Most of you are familiar with the previous discussions on the Passions, which I summarized in this chart:
Now, it is time to get familiar with another chart (sorry, I tend to do this because I'm a visual learner):
This chart will invariably annoy theologians, professional and amateur alike, because it does not have a strict Patristic lineage as my previous chart does. But, my intention is not to reproduce theological discussions, but provide a framework for understanding the human condition.
What this chart of virtues does is shows what happens to a passion once it is 'cured.' Each of these virtues are to be found in the writings of the Fathers, and I challenge anyone to a light-hearted discussion about whether any ancient Christian source would reject any of these virtues.
The difficulty with the Passions chart is that it paints a rather bleak picture. Certainly, sin is bleak and despairing, but Christianity and recovery are both far from being morbidly despondent. Both promise joy.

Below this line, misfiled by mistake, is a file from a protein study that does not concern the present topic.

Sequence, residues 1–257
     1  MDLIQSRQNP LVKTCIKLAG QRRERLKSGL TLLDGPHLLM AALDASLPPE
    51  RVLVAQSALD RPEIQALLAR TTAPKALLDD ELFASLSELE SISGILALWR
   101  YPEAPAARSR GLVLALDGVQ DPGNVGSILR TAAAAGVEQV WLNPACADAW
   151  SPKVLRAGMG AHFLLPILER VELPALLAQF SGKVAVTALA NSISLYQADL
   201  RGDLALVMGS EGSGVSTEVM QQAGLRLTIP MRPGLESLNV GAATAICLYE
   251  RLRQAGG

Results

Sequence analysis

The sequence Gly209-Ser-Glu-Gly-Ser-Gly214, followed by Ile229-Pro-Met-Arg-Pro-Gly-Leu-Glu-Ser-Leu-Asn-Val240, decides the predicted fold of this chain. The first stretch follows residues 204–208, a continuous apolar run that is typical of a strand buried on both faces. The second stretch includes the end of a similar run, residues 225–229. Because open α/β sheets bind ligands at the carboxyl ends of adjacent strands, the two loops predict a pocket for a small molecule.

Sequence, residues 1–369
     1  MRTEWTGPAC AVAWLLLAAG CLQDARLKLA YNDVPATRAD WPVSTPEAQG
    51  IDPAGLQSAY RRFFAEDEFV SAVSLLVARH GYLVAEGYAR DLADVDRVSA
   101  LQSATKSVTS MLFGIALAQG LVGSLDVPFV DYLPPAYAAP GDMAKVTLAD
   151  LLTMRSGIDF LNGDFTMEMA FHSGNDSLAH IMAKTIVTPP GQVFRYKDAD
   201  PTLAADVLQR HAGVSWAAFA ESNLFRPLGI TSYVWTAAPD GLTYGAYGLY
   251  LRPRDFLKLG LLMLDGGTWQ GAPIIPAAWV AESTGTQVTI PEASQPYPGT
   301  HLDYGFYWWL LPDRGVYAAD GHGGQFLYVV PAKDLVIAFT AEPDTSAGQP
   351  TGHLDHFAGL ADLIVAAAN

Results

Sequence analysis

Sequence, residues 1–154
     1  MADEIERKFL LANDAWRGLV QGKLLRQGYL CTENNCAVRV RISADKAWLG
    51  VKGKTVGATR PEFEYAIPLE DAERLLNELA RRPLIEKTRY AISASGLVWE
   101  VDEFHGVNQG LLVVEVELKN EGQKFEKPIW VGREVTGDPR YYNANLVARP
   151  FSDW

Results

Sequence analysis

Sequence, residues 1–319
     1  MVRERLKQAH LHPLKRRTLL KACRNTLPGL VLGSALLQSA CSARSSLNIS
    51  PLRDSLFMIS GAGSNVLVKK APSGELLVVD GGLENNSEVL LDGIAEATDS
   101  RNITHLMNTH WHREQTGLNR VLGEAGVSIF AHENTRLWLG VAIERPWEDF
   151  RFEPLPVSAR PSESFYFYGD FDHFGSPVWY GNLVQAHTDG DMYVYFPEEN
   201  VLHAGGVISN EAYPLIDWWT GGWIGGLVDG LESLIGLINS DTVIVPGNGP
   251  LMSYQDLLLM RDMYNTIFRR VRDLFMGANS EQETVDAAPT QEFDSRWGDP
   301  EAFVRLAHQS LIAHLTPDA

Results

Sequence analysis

The problem is that most people don't know how to be joyful. They have forgotten what real happiness looks like, and so they have no idea which way to go. This chart is designed to point out what happiness looks like as it emerges from us in action.
This is critical: just as the passions naturally emerge from our lack of faith in God, the virtues naturally emerge from faith. You can't really 'fake' these, and self-will alone is not enough to have these virtues come on a regular basis. While we may have to 'force' ourselves to act appropriately at times, unless we do the real work up the chain, our attempts will soon fail.
These virtues must emerge from within. Over the next few posts, I will try to explain more about how these virtues come out and impact our relationships with others.